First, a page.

“The Wake-Up Bomb” at the 1995 MTV Music Awards

Here’s a link to R.E.M.’s performance of “The Wake-up Bomb” at the 1995 MTV Music Awards (oh those halcyon days when MTV mattered/was relevant to music)*:


I remember watching it on television at the time and being a) disappointed, because I had never heard the song before since it hadn’t been released yet–I was expecting them to play something from their latest album, Monster (remember that in the early days of the internet, and really before youtube, it was A HUGE DEAL to get to see your favorite band perform on television); and b) a little confused by the fact that Michael Stipe was wearing eyeliner, but assuming that he was doing it just because it was his job as a rock star to do weird things. In hindsight, I think it was the first time I had ever seen a man wearing make-up, and I remember my father commenting to me that it bothered him that the lead singer of my favorite band wore make-up and was thus hinting at cross-dressing, just like a few years earlier he had expressed his displeasure when I was listening to U2’s Achtung Baby because there was a picture of Bono wearing a dress in the liner notes. (Actually, now that I just typed that sentence, that picture of Bono is the first time I saw a man wearing make-up because he also has lipstick on. But the dress was more noticeable!). As such, watching this performance was a seminal experience for me because it was an early instance of me slowly learning that not everyone fits into the heterosexual mold (the earliest example of this was when I was nine and read Martina Navratilova’s autobiography, which is where I learned what lesbians are). These instances were very difficult to come by growing up in a conservative Christian household. Soon thereafter I learned that Stipe was bisexual, which at the time only signified to me why he wore make-up, but later on in my life when I realized that I was bisexual it was neat to know that there were public role models for me to look toward.

I like “The Wake-up Bomb” now, though it is a guilty pleasure because it is so pop-y, not as sophisticated as most of the rest of R.E.M.’s early stuff (“early R.E.M.”=when Bill Berry was still with the band, i.e., all of their albums through New Adventures in Hi-Fi. With the exception of their greatest hits album In Time, I pretend that later R.E.M. never existed.), and it is one of the weaker tracks on New Adventures in Hi-Fi, which is an underrated album. But every time I hear it I think about that first performance.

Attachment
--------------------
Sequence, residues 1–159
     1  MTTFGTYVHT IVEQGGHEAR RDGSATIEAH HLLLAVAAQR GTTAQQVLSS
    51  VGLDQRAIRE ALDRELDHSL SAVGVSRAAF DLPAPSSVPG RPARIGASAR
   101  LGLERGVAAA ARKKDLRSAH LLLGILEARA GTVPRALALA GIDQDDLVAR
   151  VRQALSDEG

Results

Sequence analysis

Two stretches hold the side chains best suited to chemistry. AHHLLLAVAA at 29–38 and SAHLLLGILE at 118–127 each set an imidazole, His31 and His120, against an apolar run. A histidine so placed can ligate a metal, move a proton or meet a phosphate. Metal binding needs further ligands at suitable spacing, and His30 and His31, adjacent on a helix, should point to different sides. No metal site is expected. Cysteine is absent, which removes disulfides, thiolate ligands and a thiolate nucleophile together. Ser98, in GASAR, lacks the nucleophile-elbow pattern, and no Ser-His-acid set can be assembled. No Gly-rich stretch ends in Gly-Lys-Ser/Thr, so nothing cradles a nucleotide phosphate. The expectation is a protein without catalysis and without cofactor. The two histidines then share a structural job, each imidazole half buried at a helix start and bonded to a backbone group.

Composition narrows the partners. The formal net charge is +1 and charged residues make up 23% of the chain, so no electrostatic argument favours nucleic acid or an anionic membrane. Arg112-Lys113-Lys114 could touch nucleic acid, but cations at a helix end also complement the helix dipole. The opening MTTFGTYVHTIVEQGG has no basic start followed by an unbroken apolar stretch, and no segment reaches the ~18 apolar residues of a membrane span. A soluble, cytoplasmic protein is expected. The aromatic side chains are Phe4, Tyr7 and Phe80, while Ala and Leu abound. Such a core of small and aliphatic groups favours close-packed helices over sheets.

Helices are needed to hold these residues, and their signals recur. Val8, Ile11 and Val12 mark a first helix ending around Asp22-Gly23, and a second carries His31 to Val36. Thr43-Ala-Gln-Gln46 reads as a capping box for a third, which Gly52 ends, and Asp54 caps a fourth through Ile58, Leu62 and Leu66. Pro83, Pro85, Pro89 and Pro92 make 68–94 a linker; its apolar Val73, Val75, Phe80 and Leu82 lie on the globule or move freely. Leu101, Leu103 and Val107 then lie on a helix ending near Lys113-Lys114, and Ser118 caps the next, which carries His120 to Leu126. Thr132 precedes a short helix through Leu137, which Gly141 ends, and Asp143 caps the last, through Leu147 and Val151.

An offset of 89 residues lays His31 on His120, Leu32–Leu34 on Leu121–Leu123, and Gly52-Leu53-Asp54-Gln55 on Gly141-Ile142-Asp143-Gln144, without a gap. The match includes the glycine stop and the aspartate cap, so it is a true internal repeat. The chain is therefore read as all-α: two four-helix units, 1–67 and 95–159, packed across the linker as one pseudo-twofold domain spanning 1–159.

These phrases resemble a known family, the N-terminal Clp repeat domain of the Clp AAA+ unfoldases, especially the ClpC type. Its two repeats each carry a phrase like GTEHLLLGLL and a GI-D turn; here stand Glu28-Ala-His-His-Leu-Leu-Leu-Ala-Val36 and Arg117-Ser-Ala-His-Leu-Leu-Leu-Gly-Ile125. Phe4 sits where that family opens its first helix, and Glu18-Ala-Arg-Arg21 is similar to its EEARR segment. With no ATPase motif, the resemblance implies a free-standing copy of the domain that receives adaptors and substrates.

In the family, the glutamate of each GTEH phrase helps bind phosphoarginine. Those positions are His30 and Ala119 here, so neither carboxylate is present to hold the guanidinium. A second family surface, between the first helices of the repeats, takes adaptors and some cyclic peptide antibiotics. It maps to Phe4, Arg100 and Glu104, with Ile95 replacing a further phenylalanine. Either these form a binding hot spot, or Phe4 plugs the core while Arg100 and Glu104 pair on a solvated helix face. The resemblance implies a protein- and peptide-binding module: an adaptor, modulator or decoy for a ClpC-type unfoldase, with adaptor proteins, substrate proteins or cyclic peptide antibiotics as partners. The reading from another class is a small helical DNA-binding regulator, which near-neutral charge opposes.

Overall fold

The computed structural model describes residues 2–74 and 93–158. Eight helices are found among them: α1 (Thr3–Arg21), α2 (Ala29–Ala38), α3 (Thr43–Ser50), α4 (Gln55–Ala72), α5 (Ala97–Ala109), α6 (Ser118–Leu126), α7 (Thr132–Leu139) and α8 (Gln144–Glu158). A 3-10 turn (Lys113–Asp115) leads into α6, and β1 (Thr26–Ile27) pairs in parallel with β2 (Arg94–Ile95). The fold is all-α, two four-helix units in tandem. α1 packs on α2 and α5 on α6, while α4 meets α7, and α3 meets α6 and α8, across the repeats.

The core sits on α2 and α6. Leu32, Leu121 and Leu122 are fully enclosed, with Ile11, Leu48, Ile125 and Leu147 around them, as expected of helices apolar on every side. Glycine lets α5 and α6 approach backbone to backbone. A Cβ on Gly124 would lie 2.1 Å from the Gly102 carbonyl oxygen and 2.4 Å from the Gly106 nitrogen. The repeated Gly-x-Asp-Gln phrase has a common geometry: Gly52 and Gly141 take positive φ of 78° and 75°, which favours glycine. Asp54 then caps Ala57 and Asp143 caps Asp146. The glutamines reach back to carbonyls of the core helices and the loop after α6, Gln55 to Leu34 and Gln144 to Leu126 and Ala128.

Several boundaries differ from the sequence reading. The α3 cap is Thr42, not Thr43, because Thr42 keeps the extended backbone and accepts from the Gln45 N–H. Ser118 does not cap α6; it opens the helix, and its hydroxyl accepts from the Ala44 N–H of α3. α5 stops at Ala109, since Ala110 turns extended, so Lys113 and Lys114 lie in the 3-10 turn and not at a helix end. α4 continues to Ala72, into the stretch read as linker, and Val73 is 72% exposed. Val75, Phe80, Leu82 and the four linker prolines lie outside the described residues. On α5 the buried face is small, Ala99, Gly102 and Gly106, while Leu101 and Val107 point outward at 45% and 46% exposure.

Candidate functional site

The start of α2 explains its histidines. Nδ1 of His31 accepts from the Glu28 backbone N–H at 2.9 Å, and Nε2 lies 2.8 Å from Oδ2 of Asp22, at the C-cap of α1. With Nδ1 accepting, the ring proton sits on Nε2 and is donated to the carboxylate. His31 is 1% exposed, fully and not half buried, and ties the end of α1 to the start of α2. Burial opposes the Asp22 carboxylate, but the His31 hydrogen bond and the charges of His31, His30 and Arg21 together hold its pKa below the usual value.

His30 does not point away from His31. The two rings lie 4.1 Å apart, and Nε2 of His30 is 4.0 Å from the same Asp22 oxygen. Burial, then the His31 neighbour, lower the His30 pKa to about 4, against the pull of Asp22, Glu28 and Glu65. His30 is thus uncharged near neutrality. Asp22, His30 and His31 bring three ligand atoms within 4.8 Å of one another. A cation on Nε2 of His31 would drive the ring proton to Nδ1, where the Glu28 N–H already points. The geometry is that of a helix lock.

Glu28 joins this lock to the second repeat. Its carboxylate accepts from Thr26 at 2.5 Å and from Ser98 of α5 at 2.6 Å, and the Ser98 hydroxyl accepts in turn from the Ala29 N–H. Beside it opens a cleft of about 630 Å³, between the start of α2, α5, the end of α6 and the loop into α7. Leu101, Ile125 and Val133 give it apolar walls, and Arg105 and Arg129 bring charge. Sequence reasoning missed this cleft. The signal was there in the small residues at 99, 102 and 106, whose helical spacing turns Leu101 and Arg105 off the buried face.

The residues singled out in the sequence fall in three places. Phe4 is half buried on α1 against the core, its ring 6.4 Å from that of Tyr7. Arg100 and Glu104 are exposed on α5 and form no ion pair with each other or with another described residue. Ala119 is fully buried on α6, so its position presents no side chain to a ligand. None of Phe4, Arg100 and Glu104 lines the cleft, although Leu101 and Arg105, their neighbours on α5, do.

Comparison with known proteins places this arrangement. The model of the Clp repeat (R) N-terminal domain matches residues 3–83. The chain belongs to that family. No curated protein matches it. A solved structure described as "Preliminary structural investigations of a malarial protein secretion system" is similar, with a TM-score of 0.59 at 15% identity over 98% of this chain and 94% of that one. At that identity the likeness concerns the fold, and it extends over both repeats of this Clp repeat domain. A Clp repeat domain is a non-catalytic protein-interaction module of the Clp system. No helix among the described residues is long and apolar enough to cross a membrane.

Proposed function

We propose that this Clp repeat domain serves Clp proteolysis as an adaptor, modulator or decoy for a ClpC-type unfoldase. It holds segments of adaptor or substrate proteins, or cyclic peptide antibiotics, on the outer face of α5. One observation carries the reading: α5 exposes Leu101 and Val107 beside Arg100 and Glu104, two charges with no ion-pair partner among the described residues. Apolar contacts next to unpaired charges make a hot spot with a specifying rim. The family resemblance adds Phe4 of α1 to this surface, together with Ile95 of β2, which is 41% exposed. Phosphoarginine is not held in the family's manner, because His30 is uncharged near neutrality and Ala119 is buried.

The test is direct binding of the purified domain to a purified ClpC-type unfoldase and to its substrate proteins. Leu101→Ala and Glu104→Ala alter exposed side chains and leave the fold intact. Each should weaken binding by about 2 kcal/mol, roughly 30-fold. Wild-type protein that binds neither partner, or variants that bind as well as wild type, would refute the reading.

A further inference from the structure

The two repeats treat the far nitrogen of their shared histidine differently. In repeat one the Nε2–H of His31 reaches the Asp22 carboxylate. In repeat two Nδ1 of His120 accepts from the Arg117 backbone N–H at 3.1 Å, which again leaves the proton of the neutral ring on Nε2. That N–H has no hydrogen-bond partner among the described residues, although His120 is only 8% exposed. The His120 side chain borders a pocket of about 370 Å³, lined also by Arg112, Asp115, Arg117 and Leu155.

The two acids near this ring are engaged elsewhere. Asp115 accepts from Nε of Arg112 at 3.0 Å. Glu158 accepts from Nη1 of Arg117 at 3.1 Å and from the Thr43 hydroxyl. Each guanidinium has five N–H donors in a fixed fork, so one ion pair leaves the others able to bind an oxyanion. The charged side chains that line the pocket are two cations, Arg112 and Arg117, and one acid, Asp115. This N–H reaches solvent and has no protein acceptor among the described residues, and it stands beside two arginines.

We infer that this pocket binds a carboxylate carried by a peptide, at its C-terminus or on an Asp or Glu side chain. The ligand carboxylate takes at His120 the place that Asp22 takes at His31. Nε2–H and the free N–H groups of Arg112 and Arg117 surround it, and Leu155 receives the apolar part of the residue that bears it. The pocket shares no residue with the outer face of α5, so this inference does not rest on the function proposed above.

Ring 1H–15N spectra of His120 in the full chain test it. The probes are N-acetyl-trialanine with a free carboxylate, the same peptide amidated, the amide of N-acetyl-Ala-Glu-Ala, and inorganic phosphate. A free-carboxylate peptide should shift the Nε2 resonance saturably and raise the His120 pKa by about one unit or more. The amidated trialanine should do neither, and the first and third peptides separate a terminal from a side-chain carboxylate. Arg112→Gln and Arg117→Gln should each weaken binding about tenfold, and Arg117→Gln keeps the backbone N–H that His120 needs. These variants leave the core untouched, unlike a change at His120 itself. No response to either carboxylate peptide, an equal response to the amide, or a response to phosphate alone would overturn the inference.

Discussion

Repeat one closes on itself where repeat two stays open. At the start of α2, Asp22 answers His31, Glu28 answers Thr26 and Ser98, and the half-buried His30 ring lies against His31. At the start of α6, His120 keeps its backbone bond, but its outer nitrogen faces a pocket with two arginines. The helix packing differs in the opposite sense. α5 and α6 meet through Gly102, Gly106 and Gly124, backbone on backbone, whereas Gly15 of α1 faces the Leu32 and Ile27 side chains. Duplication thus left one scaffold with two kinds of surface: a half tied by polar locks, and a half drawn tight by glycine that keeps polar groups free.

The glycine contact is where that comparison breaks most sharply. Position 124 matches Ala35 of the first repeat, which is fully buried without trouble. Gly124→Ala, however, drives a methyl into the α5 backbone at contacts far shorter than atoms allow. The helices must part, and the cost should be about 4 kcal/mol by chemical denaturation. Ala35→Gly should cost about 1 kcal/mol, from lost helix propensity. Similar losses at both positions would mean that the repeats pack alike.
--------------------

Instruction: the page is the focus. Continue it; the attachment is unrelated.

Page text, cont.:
* This post is going to overuse parentheses.

Published by danielshankcruz

I grew up in New York City and lived in Lancaster, Pennsylvania; Goshen, Indiana; DeKalb, Illinois; and Salt Lake City, Utah before coming to Utica, New York. My mother’s family is Swiss-German Mennonite (i.e., it’s an ethnicity, not necessarily a theological persuasion) and my father’s family is Puerto Rican. I have a Ph.D. in English and currently teach at Utica College. I have also taught at Northern Illinois University and Westminster College in Salt Lake City. My teaching and scholarship are motivated by a passion for social justice, which is why my research focuses on the literature of oppressed groups, especially LGBT persons and people of color. While I primarily read and write about fiction, I am also a devoted reader of poetry because, as William Carlos Williams writes, “It is difficult / to get the news from poems / yet [people] die miserably every day / for lack / of what is found there.” Thinkers who influence me include Marina Abramovic, Kathy Acker, Di Brandt, Ana Castillo, Samuel R. Delany, Percival Everett, Essex Hemphill, Jane Jacobs, Walt Whitman, and the New York School of poets. I am also fond of queer Mennonite writers such as Stephen Beachy, Jan Guenther Braun, Lynnette Dueck/D’anna, and Casey Plett. In my free time I’m either reading, writing the occasional poem, playing board games (especially Scrabble, backgammon, and chess), watching sports (Let’s Go, Mets!), or cooking (curries, stews, roasts…).

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